Premature babies who received the highest amounts of breast milk, both during and after their hospitalization in a neonatal intensive care unit, did better in school a few years later, U.S. and Australian researchers have found.

Breast milk consumption was notably associated with better reading and math scores, and parents of children who drank the most breast milk reported fewer ADHD symptoms.

The duration of breast milk consumption (in some cases until the age of 18 months) was associated with better reading, spelling, and math scores.

We know that premature infants are at greater risk of developmental delays or difficulties that persist into school age," said pediatrician Thuy Mai Luu, medical director of the Neonatal Follow-up Program at Montreal's Sainte-Justine Hospital.

"Certainly, if we can see a beneficial effect of breast milk on a child's development, then it's a protective measure that can really help a child's brain development, so I think that's even more important," she said.

Doctors (and parents) have known for a long time that breastfeeding is by far the best thing for babies, whether they are premature or not, and that there are "many more advantages than disadvantages" to doing so, Dr. Luu added.

Breast milk, she continued, contains components such as fats, which promote brain development. Breast milk is also known to influence the composition of the gut flora.

"More and more, a link between the diversity of our intestinal flora and brain development is being demonstrated, and this probably plays a role through inflammation mechanisms. We know that, basically, breastfeeding promotes a microbiota that is much more optimal," said Dr. Luu.

Breastfeeding also has a "relational" component that is very important to a child's development, she continued. Pumping breast milk or breastfeeding "creates a positive interaction between mother and child."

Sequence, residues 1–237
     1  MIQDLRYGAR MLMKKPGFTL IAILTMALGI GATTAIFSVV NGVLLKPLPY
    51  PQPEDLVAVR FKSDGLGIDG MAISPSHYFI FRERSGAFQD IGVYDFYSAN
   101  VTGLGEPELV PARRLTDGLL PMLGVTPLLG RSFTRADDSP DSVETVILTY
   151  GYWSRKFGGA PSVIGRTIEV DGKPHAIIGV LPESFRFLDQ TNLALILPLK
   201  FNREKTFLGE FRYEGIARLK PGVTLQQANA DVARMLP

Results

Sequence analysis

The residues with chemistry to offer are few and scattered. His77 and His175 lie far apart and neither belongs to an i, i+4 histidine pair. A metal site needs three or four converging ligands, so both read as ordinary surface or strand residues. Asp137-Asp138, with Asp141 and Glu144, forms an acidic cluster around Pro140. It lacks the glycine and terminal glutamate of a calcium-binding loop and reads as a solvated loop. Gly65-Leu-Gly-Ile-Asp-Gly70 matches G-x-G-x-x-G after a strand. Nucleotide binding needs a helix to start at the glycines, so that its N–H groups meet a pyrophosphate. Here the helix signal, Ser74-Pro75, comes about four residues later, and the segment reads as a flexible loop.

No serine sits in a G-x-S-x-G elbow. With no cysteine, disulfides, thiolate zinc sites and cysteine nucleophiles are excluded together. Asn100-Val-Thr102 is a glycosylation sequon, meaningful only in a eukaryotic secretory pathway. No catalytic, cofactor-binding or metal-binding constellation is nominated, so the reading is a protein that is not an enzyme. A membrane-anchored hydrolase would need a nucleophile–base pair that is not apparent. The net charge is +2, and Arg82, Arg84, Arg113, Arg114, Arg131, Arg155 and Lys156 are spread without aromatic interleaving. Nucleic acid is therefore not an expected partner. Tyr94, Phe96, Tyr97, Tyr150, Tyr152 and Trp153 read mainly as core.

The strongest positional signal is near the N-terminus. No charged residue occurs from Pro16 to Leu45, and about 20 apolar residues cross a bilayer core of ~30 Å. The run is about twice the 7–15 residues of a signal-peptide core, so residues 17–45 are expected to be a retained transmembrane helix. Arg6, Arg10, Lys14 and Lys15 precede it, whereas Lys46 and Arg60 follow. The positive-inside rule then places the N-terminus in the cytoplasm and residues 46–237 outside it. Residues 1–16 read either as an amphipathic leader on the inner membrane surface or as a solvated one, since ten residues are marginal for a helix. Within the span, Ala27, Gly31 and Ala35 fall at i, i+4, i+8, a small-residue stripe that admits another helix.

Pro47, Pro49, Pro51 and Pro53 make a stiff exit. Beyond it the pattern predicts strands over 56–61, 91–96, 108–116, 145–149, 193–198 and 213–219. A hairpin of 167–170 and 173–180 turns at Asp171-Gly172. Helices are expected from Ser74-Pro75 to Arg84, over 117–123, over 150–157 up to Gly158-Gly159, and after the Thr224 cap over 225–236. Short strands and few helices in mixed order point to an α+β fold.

"Then we know that positive interactions between mother and child, they're a very important starting point for stimulating the child's development and therefore having a better or more optimal development," Dr. Luu said.

That being said, breastfeeding is not always as simple or as easy as one might think, and one should avoid making moms feel guilty for making it more complicated or even impossible, she added.

There are interactions that are easier to establish when breastfeeding, but there is the possibility of replicating these positive interactions without breastfeeding," Dr. Luu said. "Promoting sensitive, positive, nurturing interactions for both mother and child is something that is critical in the development of a small baby's brain."

The environment in which the baby grows up will also have an impact on brain development. In fact, in the U.S.-Australian study, the beneficial effect of breast milk on brain development was somewhat attenuated when researchers took into account the social environment, "as [that] plays a big role," Dr. Luu concluded.

The findings were published in the JAMA Network Open medical journal.

This report was first published by the Canadian Press in French on July 18, 2022.